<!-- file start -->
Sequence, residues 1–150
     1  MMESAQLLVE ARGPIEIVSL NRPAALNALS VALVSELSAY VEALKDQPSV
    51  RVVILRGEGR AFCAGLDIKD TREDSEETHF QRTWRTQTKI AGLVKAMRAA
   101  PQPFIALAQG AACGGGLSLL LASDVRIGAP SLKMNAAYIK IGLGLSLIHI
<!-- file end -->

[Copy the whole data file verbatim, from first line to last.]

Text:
Sequence, residues 1–150
     1  MMESAQLLVE ARGPIEIVSL NRPAALNALS VALVSELSAY VEALKDQPSV
    51  RVVILRGEGR AFCAGLDIKD TREDSEETHF QRTWRTQTKI AGLVKAMRAA
   101  PQPFIALAQG AACGGGLSLL LASDVRIGAP SLKMNAAYIK IGLGLSLIHI